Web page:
Chile, whose macroeconomic stability is highlighted in the World Economic Forum’s report, ranks well ahead of Mexico, Uruguay, Costa Rica and Colombia.
In the overall ranking, Chile rose to 33rd position, out of the 140 economies analyzed, with a score of 70.3 points, positioning it as the most competitive country in Latin America, which it leads on six of the 12 pillars considered in the study.
As a result, Chile ranked well ahead of Mexico, Uruguay, Costa Rica and Colombia.
This year, the measurement includes an important methodological change, assigning a greater relative weight to hard data (70%) as compared to soft data (30%). The results for 2018 can, therefore, only be compared with those for 2017 recalculated according to the new methodology.
Globally, the ranking is led by the United States, followed by Singapore, Germany and Switzerland. There are no significant changes in the top 15 places as compared to 2017.
In the new Global Competitiveness Index, Chile is well positioned on macroeconomic stability where it takes top place (shared with other countries), on the product market (13th) and on the financial system (20th). Its weaknesses include innovation capability (53rd) and ICT adoption (49th).
Compared to the 2017 ranking, recalculated according to the new methodology, Chile shows important progress on the macroeconomic stability pillar (from 23rd to 1st position). This pillar focuses on inflation and debt dynamics. Although Chile has always performed well on this pillar, it had lost ground in the previous ranking. In the new ranking, it also showed progress on ICT adoption (from 54th to 49th), although this remains one of its weak points. Its largest drop was on the labor market pillar (from 39th to 45th).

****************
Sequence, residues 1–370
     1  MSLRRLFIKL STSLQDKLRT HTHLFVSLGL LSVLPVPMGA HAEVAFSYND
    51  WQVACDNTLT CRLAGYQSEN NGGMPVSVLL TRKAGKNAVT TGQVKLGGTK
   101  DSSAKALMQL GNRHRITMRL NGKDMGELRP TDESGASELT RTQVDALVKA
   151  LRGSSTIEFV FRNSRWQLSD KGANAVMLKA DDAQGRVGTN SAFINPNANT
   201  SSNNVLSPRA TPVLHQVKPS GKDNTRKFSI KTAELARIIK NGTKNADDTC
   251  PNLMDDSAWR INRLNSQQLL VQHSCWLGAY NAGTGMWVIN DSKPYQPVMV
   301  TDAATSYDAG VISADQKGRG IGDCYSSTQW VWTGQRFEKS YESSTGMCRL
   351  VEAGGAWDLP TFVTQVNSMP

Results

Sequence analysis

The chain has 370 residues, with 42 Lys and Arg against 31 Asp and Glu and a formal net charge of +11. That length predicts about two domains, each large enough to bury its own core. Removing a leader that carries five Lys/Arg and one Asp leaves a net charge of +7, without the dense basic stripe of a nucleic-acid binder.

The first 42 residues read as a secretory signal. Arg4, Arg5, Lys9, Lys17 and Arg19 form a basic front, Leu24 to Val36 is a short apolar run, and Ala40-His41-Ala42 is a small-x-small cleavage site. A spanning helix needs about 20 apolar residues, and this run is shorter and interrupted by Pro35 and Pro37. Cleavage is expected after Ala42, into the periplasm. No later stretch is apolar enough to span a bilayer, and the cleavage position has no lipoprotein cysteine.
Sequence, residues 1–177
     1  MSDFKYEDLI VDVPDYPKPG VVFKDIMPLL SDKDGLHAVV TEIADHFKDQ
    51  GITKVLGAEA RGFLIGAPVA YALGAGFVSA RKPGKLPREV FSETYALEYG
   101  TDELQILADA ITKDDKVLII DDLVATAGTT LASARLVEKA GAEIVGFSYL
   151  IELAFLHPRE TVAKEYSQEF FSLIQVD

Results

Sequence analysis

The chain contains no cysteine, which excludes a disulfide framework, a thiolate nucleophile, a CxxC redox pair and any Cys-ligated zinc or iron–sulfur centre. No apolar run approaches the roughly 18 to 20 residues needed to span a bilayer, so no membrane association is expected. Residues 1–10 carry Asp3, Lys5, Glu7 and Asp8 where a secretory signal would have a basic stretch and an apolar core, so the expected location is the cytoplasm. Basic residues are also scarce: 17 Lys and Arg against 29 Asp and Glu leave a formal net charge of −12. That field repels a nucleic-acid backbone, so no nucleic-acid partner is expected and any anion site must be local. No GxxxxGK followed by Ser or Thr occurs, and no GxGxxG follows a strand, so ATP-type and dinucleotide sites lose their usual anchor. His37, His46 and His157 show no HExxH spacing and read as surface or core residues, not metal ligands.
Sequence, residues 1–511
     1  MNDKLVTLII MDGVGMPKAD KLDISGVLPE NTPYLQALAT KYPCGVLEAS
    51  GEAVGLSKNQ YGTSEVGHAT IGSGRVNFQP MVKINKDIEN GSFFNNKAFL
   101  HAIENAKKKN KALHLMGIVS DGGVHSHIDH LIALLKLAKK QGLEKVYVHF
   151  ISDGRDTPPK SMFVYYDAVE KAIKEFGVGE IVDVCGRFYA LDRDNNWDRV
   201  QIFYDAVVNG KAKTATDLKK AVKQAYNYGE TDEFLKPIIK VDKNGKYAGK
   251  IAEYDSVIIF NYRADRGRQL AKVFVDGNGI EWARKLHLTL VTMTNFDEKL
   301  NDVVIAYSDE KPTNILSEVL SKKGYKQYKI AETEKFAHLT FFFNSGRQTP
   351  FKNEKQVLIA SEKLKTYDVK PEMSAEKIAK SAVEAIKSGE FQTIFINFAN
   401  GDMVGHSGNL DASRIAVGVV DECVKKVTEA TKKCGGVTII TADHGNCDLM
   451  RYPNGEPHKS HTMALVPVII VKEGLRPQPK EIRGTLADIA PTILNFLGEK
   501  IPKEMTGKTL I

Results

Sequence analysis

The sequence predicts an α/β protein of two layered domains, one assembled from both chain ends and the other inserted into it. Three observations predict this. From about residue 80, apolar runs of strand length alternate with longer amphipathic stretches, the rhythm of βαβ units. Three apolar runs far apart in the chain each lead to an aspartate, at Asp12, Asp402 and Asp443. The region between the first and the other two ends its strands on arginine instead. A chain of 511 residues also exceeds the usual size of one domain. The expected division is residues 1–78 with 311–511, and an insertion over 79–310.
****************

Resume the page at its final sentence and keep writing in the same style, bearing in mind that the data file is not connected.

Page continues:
Chile’s progress on macroeconomic stability is explained by a better score on inflation where it shares top position with another 73 countries while, on debt dynamics, it shares this position with another 35 countries. Economies with inflation between
0.5% and 4% receive the highest score, putting them in the top position. Debt dynamics measures the expected variation in a country’s debt/GDP ratio between 2017 and 2018. The Finance Ministry estimates that public debt will represent 24.8% of GDP this year.
The Index also includes an analysis of countries in “enabling environment” categories. In the case of institutions, Chile’s principal strength lies in auditing and reporting standards on which it ranks 20th.
On infrastructure, Chile performs best on electrification as a percentage of the population, where it takes top position, while its greatest disadvantage is on the efficiency of train services (79th).
In the case of the business dynamism pillar, Chile’s main strength is the time required to start a business where it ranks 25th.
During the Report’s presentation, Finance Minister Felipe Larraín emphasized Chile’s position of leadership in Latin America and its challenges going forward. “Chile is Latin America’s most competitive economy but that should not leave us entirely satisfied because there are still 32 countries in the world ahead of Chile. In the government of President Sebastián Piñera, we are working on important initiatives that seek to increase Chile’s competitiveness in the years to come,” he said.
To learn more about Chile and its competitive advantages, see this article.